If you got a tax refund this year, or are expecting one, the infusion of cash is surely welcome.
Sometimes, however, there are circumstances that can reduce your refund. This is called a refund offset.
When can the IRS offset a refund? And how might the IRS change its procedures for offsets, in light of a recent report from the Treasury Inspector General for Tax Administration (TIGTA). In this two-part post, we will address these questions.
First of all, a bit of terminology. Technically federal tax refunds are issued by the Bureau of the Fiscal Service (BFS), not the IRS itself. But like the IRS, the BFS is part of the Treasury Department, and the refund is an IRS refund. So for purposes of this post, we will simply say IRS, not BFS.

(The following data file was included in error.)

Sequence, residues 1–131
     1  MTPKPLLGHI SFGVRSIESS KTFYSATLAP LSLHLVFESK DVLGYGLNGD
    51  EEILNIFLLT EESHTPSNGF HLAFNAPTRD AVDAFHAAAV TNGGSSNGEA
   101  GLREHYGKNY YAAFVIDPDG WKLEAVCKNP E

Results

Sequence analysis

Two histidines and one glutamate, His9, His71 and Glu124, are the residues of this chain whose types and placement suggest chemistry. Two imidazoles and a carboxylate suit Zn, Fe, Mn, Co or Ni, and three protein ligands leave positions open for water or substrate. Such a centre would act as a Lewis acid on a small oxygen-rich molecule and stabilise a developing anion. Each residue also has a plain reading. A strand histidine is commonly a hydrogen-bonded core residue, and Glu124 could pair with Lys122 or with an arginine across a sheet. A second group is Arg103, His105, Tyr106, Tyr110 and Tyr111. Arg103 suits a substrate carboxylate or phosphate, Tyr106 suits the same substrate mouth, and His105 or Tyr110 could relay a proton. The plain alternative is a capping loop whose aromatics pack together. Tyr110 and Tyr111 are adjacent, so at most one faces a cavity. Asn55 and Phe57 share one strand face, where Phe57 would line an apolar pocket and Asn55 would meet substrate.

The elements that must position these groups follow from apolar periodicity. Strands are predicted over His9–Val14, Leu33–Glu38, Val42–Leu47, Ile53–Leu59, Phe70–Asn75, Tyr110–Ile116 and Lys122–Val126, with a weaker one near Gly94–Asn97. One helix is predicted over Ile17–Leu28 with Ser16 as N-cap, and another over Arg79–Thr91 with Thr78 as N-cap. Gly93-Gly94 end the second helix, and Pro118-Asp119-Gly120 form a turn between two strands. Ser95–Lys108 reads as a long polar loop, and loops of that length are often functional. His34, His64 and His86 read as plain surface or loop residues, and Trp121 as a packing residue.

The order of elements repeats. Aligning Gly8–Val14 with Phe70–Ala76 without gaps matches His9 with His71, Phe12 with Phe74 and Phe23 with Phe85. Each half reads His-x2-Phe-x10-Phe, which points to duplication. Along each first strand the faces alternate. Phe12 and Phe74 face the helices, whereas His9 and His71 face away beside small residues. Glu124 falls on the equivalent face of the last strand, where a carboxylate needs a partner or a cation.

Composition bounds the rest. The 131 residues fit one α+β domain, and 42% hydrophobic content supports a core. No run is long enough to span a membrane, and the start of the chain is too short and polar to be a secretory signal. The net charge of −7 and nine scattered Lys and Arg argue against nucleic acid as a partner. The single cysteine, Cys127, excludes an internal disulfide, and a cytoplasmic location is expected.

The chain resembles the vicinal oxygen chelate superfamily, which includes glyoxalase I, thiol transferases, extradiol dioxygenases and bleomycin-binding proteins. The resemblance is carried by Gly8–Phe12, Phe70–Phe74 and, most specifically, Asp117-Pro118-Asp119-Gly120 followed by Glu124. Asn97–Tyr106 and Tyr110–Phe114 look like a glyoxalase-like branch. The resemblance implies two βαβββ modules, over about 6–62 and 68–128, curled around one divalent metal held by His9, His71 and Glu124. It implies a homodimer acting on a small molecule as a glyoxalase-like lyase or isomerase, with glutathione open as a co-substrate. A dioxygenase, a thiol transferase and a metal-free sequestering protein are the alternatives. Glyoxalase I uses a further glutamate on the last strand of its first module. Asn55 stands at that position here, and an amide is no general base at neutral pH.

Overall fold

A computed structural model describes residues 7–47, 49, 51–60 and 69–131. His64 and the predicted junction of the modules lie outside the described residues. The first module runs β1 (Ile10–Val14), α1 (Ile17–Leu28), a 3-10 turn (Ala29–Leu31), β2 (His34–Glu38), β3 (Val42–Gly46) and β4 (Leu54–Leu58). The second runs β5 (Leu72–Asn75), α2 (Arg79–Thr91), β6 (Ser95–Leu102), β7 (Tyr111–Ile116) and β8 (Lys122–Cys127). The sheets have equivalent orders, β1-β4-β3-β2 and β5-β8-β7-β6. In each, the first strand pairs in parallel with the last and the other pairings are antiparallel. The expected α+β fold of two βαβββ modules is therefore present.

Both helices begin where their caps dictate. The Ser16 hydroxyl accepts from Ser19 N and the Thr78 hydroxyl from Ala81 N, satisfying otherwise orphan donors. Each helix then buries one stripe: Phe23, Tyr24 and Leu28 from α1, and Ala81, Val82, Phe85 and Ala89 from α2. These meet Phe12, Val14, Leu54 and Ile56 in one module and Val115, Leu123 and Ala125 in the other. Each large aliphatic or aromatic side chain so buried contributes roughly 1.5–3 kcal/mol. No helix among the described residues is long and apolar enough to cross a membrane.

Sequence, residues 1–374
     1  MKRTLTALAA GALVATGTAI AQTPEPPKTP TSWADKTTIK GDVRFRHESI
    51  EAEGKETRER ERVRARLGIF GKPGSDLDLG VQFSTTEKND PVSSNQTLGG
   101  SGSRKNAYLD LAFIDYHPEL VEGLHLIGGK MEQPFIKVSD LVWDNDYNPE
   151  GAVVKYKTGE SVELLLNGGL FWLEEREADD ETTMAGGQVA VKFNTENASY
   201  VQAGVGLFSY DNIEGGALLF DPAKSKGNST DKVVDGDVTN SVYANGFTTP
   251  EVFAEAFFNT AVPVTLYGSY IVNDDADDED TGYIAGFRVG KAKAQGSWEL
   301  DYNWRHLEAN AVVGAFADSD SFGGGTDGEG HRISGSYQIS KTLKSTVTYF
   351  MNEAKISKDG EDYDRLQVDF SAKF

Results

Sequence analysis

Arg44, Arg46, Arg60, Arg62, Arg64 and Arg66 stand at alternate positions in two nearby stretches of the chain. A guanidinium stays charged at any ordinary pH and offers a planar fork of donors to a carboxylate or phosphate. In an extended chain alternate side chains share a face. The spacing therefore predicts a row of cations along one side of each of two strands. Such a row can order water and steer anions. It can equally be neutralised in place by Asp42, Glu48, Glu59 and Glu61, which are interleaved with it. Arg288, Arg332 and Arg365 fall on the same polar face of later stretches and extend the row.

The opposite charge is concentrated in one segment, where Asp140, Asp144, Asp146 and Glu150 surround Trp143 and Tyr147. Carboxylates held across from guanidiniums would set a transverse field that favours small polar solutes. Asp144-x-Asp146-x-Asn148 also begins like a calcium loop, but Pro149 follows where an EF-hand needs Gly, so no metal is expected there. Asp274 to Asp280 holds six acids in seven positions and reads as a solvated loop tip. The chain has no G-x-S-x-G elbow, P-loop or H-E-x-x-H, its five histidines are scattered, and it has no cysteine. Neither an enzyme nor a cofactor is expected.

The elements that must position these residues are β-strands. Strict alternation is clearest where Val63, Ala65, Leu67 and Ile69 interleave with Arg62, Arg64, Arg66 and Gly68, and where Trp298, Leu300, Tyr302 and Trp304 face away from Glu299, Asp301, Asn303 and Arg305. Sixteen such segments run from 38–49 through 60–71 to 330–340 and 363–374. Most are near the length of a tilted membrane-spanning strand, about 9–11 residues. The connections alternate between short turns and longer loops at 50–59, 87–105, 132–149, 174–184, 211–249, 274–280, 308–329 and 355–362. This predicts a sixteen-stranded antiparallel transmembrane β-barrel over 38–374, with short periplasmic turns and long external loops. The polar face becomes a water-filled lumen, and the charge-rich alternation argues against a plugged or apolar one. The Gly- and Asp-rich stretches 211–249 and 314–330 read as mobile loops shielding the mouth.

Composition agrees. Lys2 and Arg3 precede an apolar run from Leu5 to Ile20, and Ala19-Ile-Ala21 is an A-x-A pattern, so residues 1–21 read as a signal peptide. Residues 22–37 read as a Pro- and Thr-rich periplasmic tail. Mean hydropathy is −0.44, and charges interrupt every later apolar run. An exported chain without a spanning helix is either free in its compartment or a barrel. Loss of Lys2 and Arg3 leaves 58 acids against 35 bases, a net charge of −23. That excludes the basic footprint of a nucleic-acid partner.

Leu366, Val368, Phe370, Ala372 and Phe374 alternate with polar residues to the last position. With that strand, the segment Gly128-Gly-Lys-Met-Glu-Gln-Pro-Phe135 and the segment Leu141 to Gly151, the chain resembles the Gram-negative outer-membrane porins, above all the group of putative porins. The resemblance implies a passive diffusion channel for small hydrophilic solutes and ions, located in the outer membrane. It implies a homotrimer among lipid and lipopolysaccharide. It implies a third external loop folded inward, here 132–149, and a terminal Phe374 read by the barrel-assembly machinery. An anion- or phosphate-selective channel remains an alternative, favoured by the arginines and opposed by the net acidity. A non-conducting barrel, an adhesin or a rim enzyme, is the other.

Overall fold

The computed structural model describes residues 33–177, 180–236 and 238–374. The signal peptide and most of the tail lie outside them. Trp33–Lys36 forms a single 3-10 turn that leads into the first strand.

There are several scenarios in which the IRS can offset a refund.
Let’s start with federal tax debt. The Tax Code gives priority to individual federal tax debt. Once that debt has been satisfied, any amount of the refund that is left over can be applied to business tax liabilities for which that individual is responsible.
Small business owners who are sole proprietors have both individual and business taxes. So how these offsets are handled is important to those taxpayers.
Even if there is no federal tax debt, there are other potential offsets, such as non-tax debts to a federal agency. Other offsets include unpaid state taxes and unpaid child support.
The IRS is supposed to verify that federal tax debt is paid before applying any of these other offsets. In part two of this post, we will take note of what TIGTA found about how that process is working.